Tag Archives: model electronics

Custom Electronics for Models

KiwiMill has the ability, in house, to add motorized and electronics features to your models. A few weeks ago, we delivered a model to a customer that required a lot of power and numerous interactive features all controllable by buttons on a panel in a museum.

Custom Electronics Box & Power Supply

Adding electronics to models comes with its own set of unique challenges. Our customers demand their models work reliably and want to make sure the power supply is UL listed to ensure it is safe to use in their displays.

Some of the issues we run into in our models:

  1. Multiple Voltage Requirements – models often use off-the-shelf electronics (sound makers, motors, lights, etc.) that require multiple voltages on a single model.
  2. High Current Requirements – While LEDs use little current individually, today’s modern superbright LEDs can use upwards of a watt of energy each and, when you string 50 or 100 of them together, they use more current than a typical power supply can provide. Motors can also use a lot of current and require a robust power supply.
  3. Were Do We Mount All These Things – Break-Out-Boards, Controllers, SSRs, power supplies, etc… where do we mount all these things so the parts won’t get jostled and the customer won’t get shocked?

Our solution is a custom ATX power supply in a custom made sheet metal box. An ATX power supply provides multiple voltages (3.3V, 5V and 12V) which is the power requirements for almost everything we build. Not only do they put out multiple voltages, an ATX power supply puts out A LOT of current. We can get a 1,500 watt power supply just in case we need to light an entire city all at once! On top of that, the ATX power supplies we buy are UL listed to ensure they operate safely. A good ATX power supply is also built to last a long time and includes a fan that will keep the electronics in the box cool.

Below are some pictures of our CAD design for this custom ATX power supply and electronics box, and pictures of the finished product. There’s also a picture of a much larger box that has hundreds of wire connections coming into it.

ATX Power Supply Box Design Drawing
Design Drawing
ATX Power Supply for a Scale Model
Before Connections
Custom Scale Model ATX Power Supply
After Connections
Custom ATX Power Supply Box
Complete with Cover
Custom ATX Power Supply Box
Larger Custom Electronics Box

Fiber Optic Light Source

This one was a little easier.

The problem: anything that holds a light-bulb is designed to allow light to escape as much as possible. A light is designed to provide humans with light, after all. We need to fully contain the light and direct it toward a bundle of fiber-optics.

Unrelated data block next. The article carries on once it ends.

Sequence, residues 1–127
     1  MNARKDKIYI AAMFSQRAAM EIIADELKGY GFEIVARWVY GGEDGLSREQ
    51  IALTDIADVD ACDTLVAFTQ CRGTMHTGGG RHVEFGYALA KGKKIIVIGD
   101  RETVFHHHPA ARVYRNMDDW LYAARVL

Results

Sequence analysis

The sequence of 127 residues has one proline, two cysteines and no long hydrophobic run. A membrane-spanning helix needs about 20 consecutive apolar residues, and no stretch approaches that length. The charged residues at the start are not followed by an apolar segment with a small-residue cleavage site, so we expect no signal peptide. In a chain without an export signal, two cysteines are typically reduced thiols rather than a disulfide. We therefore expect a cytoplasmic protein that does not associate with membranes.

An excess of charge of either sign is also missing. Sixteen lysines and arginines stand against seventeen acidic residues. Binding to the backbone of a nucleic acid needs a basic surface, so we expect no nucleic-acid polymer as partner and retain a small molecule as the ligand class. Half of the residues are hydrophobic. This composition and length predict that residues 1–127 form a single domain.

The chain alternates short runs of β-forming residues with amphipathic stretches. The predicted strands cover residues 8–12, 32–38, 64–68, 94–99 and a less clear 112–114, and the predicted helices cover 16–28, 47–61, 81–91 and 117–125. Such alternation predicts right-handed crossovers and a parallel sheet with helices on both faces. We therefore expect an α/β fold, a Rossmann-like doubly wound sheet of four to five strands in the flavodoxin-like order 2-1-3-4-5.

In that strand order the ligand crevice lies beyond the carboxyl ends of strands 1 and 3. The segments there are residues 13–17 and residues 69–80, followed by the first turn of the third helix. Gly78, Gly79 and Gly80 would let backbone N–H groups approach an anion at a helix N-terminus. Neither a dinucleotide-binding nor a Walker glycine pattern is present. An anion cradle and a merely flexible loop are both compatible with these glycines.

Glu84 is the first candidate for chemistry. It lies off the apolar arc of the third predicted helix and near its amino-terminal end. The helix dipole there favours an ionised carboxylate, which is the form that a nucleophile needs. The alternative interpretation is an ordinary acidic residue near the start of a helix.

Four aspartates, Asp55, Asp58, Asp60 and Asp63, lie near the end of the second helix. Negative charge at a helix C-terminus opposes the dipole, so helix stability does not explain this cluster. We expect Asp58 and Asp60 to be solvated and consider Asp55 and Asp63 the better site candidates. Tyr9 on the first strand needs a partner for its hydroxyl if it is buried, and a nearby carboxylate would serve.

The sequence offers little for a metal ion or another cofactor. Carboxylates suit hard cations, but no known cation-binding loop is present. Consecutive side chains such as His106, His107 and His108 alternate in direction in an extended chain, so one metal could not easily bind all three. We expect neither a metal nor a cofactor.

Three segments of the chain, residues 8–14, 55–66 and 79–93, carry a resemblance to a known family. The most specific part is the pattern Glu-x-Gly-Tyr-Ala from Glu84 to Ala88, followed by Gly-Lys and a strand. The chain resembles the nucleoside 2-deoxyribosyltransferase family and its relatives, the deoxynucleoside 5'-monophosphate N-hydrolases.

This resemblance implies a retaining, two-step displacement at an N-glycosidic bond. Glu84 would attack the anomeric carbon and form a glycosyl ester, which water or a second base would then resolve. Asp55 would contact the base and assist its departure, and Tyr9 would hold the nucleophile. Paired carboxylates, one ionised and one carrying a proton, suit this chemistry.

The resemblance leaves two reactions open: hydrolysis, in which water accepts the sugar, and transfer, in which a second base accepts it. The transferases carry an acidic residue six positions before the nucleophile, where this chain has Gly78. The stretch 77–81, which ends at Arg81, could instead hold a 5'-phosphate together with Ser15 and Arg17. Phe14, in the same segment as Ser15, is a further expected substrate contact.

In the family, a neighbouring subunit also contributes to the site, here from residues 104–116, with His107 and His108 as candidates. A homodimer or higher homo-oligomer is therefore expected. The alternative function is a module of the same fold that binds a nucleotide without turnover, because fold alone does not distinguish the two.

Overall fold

The solution: A custom designed fiber-optics light source. This is nothing more than a sheet metal box with a bracket to hold a standard light socket. The cover contains the light in the box. We used a 60W LED spotlight to direct as much of the light into the fiber bundle as possible.

Custom Fiber Optics Light Source Drawing
Fiber Optics Light Source Drawing
Custom Fiber Optics Light Source
Fiber Optics Light Source
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Making Interactive & Moving Models

Interactive features on models help to draw customers to your booth, add excitement to a museum display, and can transform a model from a boring static display to the main focus of your booth or gallery. Kids and adults alike love creating the action or turning on lights in a museum diorama, or causing water flow with the flick of a switch. A trade show display model can be brought to life by adding lights, water, moving parts, or even a miniature TV.

In this post, I’ll detail some of the interactive and moving features KiwiMill has added to the various models we have made recently.

TV in a ModelMiniature TV embedded into a Times Square Model
A trade show company came to us with ideas on how to add excitement to their trade show booth. The models were for CES, which is a consumer event, so first  people had to be attracted to the display and then were encouraged to pick up the cameras and take pictures using the zoom functions in order  to see the smallest details of the models. The TV in this model has a 1.8″ screen which was connected to a DVD player. This added movement and excitement to an otherwise static display model.

Computerized Asphalt Plant Model
This was a unique model for KiwiMill. Our client designed embedded controllers for asphalt plants and wanted to demonstrate the unique capabilities of their controllers on a working model. The client specified which parts of the model needed to function and KiwiMill created an interface to allow the model to animiate using their product. This model had numerous moving parts driven by motors and linear actuators. 

Road Construction Truck Model
This road construction truck model is used to demonstrate the numerous features our customer built into their truck. Take a look at the video below and you’ll see just how many of these we were able to build into this model including sounds, moving parts, lights, arrow flashers, etc.

Working Hydroelectric Dam
This model was built for the U.S. government to demonstrate how hydroelectric power was created. It included a valve that could be opened to allow water to flow through a working turbine. When flow and turbine were activated, the sign on top of the turbine would light, simulating electricity generation.

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